Image result for lauri burns teen project image
Lauri Burns and some of the young women her Teen Project has helped get off the street and off of drugs.
Alerted by the recent report by Lava-Mae of six – and possibly nine – apparent MRSA cases at 3rd and Rose, Ms. Burns called the VSA to tell of her own experience with insects carried by the population.


“I took a young homeless woman into my home for one night on an emergency basis and it resulted in an infection of sand mites that took over half a year to eradicate,” She said.



“Both I and my boyfriend received bites for months, which were very painful,” she said.



“We tented the house, we had exterminators back regularly, we washed the bedding every day,” she said, “but it still took a long time to eradicate the mites.”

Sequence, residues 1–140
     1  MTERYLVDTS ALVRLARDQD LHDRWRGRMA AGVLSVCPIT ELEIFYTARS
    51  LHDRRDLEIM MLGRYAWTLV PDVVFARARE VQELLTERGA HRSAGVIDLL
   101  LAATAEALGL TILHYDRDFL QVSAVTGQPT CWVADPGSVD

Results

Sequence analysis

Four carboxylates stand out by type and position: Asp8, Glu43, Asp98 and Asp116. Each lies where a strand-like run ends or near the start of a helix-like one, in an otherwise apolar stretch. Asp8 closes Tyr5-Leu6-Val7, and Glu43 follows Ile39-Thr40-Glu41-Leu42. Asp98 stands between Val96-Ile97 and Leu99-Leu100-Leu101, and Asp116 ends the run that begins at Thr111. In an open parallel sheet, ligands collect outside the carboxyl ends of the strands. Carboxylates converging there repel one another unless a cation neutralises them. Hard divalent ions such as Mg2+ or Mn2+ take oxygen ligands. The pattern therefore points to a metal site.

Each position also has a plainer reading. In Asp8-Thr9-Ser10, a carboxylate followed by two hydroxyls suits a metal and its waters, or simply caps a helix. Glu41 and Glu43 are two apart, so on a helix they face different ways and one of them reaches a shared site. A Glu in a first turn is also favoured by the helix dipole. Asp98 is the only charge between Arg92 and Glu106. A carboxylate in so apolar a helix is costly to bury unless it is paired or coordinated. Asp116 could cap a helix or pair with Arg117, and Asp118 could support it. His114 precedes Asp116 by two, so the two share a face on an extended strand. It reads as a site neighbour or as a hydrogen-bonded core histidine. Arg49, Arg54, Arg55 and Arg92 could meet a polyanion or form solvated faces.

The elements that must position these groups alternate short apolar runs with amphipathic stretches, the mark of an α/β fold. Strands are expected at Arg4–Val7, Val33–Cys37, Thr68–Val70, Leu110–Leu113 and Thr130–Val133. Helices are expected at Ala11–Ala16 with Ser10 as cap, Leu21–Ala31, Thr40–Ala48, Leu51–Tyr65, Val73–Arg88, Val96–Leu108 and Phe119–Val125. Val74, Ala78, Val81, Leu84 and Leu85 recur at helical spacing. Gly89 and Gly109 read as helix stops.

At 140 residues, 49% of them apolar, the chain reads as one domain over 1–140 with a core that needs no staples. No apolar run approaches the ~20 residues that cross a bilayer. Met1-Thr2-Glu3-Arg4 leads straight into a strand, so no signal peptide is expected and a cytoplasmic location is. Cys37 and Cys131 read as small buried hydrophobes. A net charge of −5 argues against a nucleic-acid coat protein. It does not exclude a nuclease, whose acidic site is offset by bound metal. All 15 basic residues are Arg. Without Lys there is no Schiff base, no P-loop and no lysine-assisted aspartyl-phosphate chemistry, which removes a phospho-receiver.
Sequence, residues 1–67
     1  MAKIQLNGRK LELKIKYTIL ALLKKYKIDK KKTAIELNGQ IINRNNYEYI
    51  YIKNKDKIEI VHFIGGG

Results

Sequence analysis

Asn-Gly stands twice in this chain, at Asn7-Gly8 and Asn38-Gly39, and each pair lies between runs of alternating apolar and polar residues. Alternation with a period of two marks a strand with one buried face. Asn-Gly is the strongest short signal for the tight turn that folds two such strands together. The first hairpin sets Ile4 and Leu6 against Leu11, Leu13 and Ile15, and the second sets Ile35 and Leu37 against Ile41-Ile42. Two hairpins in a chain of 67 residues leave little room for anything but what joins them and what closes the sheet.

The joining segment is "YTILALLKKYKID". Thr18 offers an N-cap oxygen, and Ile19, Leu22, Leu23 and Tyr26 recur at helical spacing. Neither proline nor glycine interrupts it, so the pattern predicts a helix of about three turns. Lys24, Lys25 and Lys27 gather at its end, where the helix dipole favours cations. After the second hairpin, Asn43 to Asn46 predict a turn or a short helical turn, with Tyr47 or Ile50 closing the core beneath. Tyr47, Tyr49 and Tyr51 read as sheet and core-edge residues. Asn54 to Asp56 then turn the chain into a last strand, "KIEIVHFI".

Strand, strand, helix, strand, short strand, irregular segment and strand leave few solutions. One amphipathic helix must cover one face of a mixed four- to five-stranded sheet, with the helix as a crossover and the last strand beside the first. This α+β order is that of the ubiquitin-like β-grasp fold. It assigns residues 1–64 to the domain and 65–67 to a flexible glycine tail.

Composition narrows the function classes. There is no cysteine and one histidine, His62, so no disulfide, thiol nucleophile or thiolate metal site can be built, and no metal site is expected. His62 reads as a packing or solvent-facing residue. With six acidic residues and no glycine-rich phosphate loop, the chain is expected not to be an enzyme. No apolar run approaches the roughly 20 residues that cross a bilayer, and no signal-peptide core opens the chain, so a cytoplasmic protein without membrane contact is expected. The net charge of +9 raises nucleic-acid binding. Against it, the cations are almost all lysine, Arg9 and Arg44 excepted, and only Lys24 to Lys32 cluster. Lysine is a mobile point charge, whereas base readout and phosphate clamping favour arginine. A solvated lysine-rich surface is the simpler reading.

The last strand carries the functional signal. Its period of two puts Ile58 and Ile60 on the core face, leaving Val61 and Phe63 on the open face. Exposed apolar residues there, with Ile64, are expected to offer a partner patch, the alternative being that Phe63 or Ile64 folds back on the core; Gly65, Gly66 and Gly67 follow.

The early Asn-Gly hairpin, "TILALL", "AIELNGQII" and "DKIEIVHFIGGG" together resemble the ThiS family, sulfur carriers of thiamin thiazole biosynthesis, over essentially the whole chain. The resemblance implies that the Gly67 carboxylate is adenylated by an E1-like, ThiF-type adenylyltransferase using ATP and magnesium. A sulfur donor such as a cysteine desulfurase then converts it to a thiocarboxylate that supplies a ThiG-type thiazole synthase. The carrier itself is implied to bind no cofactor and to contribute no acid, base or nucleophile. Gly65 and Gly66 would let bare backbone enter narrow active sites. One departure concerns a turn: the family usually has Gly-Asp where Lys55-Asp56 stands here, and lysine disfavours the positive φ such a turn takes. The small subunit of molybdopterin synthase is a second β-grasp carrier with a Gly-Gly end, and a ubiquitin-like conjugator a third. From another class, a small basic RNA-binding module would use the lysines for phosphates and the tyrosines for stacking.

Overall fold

“I don’t think the public understands that the unsanitary conditions in which these people are forced to live, and in very close proximity, are a very favorable breeding ground for disease and insects.”



“It’s a ticking time bomb and should drive more sanitation measures than we are currently seeing and quicker re-housing where the homeless can get away from these unsanitary conditions and get treated,” Burns said.  “The homeless people want a chance at life. They don't want to stay homeless.”



Burns, who was homeless herself as a young woman, notes that eradicating disease and infection is the first priority for her clients at FREEHAB, the free drug treatment facility for homeless young women that she opened in 2014 in Sun Valley.  Burns says the facility has hosted 442 women with a 90% success rate at getting them off drugs and keeping them off the street with both drug treatment and vocational training.